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Performance degrading placing join in WHERE instead of FROM block (using =, =*, *=)

Hello folks,
first of all I really don't know how you gurus call this way of
writing joins:

SELECT
A.FIELD,
B.FIELD
FROM
TABLE_A A,
TABLE_B B
WHERE
A.ID_FIELD = B.ID_FIELD

I find this way very useful and readable. It works also with left and
right Joins (using *= or =* instead of = )

A friend of mine found that the inner join way (using = ) in Access is
much more slower than using the classic INNER JOIN TABLE ON FIELD
sintax. My question is: was MSSQL Server studied for using the short
way, or it is just a workaround found by someone? Is there a
performance degrade folllowing this way?

TIA,
tK
Jul 20 '05 #1
1 1745
tekanet (te*****@inwind.it) writes:
first of all I really don't know how you gurus call this way of
writing joins:

SELECT
A.FIELD,
B.FIELD
FROM
TABLE_A A,
TABLE_B B
WHERE
A.ID_FIELD = B.ID_FIELD

I find this way very useful and readable.
The alternative way of writing this in so-called ANSI JOINS is:

SELECT a.field, b.field
FROM table_a a
JOIN table_b b ON a.id_field = b.id_field

These two are equvialent, both in terms of function and performance. The
optimizer will normalize both to the same internal representation.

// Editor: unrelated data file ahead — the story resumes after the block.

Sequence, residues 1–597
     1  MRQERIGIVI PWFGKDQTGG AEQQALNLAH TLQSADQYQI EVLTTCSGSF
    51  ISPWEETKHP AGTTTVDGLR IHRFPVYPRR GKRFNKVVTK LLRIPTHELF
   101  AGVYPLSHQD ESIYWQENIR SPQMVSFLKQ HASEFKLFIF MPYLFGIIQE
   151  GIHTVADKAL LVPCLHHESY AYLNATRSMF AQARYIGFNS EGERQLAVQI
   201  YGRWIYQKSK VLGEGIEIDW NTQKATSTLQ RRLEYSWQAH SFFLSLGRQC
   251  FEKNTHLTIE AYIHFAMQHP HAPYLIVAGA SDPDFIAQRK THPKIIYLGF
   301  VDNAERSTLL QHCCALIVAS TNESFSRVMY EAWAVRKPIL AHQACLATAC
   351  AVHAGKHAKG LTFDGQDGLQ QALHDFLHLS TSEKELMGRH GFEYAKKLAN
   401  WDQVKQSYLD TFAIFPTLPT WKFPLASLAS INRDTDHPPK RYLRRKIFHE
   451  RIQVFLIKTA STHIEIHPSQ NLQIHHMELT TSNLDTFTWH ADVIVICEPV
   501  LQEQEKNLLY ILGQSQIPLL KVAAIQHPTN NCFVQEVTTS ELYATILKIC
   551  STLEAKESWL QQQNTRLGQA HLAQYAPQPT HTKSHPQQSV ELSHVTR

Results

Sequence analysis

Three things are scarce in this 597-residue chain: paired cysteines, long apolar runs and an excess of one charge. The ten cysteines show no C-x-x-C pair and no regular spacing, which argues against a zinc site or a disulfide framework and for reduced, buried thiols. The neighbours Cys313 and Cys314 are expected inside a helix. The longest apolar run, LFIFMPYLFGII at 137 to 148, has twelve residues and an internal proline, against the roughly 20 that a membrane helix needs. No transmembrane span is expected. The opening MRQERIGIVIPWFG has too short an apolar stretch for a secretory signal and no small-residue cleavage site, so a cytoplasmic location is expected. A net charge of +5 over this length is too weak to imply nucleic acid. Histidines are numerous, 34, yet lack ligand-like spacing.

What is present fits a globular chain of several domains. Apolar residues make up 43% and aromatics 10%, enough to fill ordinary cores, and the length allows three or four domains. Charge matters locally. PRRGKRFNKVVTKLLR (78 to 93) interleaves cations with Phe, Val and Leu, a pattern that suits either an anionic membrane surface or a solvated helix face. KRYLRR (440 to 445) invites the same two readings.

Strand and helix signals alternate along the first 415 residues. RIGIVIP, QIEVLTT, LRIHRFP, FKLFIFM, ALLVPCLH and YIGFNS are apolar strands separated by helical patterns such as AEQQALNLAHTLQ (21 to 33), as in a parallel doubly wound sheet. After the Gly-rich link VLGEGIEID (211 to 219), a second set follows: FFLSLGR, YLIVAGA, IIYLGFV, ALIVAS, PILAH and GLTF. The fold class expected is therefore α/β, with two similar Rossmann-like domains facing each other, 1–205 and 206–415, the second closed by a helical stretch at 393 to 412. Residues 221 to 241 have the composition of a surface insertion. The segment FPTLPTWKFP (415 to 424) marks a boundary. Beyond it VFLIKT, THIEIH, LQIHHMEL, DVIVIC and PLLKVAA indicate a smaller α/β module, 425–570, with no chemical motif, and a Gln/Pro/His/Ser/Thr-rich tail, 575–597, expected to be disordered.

Which one you prefer is a matter of taste. I used the method with
the join condition in the WHERE clause for many years, and I was
skeptic when I first saw the JOIN syntax. But I've changed my mind.
For a query that joins 7-8 tables and with multi-column conditions,
the JOIN syntax gives you a lot better overview, and it is also easier
to verify that you have included all conditions. The WHERE clause is
then left to proper filtering.

But, again, this is a matter of taste. Both ways of writing the JOIN is
OK by SQL Server and by ANSI.
It works also with left and right Joins (using *= or =* instead of = )


But when it comes to outer joins, it's a whole other story. In short,
don't use *= and =*. They are deprecated, and there are all sorts of
issues with them. When it comes to outer joins, the ANSI syntax really
shines. You can do a full join, which you can't do with *=*, because
there is no such operator. You can outer join to a pair of tables which
is the result of an inner join. You can control evaluation order (which
matters for outer joins.) There is a whole lot more you can do - and
you can actuall see what you are doing. (Complex queries with *= are
far from clear-cut.)

--
Erland Sommarskog, SQL Server MVP, es****@sommarskog.se

Books Online for SQL Server SP3 at
http://www.microsoft.com/sql/techinf...2000/books.asp
Jul 20 '05 #2

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